Mario Draghi sworn in as the new Italian Prime Minister


Draghi has the support of a rainbow coalition that ranges from the left to Matteo Salvini’s far-right league.

Rome, Italy:

Former head of the European Central Bank, Mario Draghi, was officially sworn in as the new Italian prime minister on Saturday amid the deadly coronavirus pandemic and a crippling recession.

The appointment of the 73-year-old known as “Super Mario” brought weeks of political instability to a close for the country, which is still affected by the health crisis that killed more than 93,000 people.

“I swear I am loyal to the Republic,” recited Draghi as he stood in front of President Sergio Mattarella in the ornate presidential palace in a live televised ceremony.

Members of his new cabinet, which include technocrats, senior politicians and ministers from the previous government, have all taken the oath of office.

Draghi was parachuted on by Mattarella after the previous center-left coalition under Prime Minister Giuseppe Conte collapsed and led Italy rudderlessly at a critical time.

He has spent the last 10 days putting together a broad-based coalition and officially assumed the office of Prime Minister at a meeting with Mattarella on Friday evening, after which he publicly unveiled the new cabinet for the first time.

On Wednesday, Draghi will be introduced to the Senate, the upper house of parliament, followed by the lower chamber of deputies on Thursday for a vote of confidence that will give his government the final official blessing.

“Break a leg” was the headline on La Stampa every Saturday when an Ipsos poll in the daily Corriere della Sera found that 62 percent of Italians supported Draghi.

Coalition for now?

Draghi has the support of a rainbow coalition that ranges from the left to Matteo Salvini’s far-right league.

These include the populist Five Star Movement (M5S), the center-left Democratic Party (PD) and Italia Viva, who formed the previous government and then debated how to deal with the Covid-19 pandemic.

M5S, the largest party in parliament that began life as an anti-establishment movement, was divided over whether to support a government led by an unelected technocrat.

In an online vote, however, members supported Draghi by 59 percent after receiving the promise of a new super ministry for “ecological transition.”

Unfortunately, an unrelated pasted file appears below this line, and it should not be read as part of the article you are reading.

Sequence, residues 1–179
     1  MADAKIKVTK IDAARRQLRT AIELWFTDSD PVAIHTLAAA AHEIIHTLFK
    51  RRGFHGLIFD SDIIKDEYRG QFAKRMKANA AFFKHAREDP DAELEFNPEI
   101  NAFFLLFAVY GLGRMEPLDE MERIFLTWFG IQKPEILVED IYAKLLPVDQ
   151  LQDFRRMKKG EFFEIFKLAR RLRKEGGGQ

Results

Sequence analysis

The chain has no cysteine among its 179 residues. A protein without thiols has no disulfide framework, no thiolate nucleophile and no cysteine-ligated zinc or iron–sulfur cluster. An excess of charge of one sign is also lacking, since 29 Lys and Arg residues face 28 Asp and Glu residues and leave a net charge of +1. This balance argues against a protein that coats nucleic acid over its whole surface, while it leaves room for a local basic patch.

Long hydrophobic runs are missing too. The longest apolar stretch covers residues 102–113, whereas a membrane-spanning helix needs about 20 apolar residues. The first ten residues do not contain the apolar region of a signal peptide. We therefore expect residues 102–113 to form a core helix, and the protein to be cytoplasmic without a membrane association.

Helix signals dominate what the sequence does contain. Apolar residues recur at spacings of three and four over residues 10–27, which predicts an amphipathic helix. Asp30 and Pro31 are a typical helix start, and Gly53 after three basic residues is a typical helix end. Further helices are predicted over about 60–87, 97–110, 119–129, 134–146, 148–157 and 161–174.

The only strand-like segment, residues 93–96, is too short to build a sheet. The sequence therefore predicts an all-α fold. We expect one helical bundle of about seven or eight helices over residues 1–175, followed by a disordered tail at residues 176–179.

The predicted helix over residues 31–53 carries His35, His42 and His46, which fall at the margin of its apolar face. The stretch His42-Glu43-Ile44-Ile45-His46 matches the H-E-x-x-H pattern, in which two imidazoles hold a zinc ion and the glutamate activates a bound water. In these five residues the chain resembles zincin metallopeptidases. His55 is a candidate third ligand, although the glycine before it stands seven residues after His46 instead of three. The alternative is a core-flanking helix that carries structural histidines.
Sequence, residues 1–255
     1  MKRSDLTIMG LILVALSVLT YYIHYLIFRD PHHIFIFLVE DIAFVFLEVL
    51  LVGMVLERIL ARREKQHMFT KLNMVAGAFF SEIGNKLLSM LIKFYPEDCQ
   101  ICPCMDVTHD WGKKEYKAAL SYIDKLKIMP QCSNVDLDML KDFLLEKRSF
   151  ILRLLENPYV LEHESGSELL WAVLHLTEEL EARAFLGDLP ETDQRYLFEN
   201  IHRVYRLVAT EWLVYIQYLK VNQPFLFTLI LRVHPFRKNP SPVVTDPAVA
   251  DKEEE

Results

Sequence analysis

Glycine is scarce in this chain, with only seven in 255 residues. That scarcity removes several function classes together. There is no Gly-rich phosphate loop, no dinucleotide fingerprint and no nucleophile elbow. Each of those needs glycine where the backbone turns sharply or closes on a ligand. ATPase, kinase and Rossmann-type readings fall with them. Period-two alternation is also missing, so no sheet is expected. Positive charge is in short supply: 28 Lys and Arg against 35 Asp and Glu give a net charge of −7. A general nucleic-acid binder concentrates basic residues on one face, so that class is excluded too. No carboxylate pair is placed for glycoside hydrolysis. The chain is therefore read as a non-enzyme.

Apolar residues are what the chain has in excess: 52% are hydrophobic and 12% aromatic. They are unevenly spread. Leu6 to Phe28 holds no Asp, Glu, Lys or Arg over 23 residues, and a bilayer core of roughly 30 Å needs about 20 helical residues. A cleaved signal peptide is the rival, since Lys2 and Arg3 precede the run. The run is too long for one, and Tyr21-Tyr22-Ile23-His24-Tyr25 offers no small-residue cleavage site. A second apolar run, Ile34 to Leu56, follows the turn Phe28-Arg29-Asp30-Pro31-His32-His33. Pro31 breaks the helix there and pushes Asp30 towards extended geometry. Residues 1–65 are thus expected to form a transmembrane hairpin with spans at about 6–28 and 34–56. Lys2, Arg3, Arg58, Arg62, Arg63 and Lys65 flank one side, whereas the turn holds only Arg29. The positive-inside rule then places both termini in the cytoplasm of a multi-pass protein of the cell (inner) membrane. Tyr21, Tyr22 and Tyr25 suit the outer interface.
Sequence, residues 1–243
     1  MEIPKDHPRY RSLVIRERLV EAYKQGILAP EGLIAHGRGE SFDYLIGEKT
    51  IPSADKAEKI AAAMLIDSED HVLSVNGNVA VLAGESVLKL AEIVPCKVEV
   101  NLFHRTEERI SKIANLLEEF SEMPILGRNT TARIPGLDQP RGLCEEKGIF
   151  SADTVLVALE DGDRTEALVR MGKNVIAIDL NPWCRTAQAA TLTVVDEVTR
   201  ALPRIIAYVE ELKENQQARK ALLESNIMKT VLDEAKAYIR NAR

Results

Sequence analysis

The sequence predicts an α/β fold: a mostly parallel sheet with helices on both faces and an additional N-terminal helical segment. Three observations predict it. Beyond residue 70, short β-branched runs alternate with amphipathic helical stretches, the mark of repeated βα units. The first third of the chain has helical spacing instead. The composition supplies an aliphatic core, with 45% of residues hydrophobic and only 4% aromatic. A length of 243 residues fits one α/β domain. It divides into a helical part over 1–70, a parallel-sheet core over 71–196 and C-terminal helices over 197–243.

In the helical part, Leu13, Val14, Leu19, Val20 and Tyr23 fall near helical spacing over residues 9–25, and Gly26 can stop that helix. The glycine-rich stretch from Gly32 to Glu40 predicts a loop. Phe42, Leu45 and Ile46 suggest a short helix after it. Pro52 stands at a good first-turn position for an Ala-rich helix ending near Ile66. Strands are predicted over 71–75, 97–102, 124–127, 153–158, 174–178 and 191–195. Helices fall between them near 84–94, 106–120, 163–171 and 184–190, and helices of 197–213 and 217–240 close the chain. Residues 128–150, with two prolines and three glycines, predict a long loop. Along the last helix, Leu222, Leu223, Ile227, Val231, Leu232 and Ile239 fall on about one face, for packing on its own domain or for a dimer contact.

This post went to the renowned physicist Roberto Cingolani, who works for the Italian aviation giant Leonardo.

Deputy Governor of the Bank of Italy, Daniele Franco, has been appointed as the new Minister of the Economy, while Roberto Speranza and Luigi Di Maio are in the health and outdoor sectors.


Challenges are waiting for you

Italy has high hopes for its new head of state, who is known to “do everything possible to save the eurozone amid the 2010s debt crisis”.

Although he has no political power base himself, Draghi can draw on his years of experience in the Italian public service and his banking career.

His arrival was greeted with delight by the financial markets and Italy’s borrowing costs fell to an all-time low this week.

“However, it is difficult to overestimate the scale of the challenges Draghi and Italy are facing,” said Luigi Scazzieri of the Center for European Reforms.

The Covid-19 shutdown and subsequent restrictions resulted in the economy shrinking an astonishing 8.9 percent over the past year while more than 420,000 people lost their jobs.

It’s Italy’s worst recession since World War II.

The virus remains widespread and Contes cabinet tightened curbs in four regions and extended travel bans between regions in one of its last acts on Friday.

Like other countries in the European Union, Italy has fallen behind in its vaccination program and has blamed delivery delays.

The country hopes to get more than € 220 billion in EU recovery funds to get back on its feet.

But disputes over how the money should be spent, between calls for long-term structural reforms and short-term incentives, have overturned the previous administration.

Draghi’s job looks easier than that of previous technocratic prime ministers like Mario Monti in 2011, who turned to tough, unpopular austerity measures during the debt crisis.

“But it is not enough to spend funds,” said researcher Scazzieri, adding that it “will be just as difficult for the new prime minister to carry out long-awaited reforms”.

(Except for the headline, this story was not edited by GossipMantri staff and published from a syndicated feed.)


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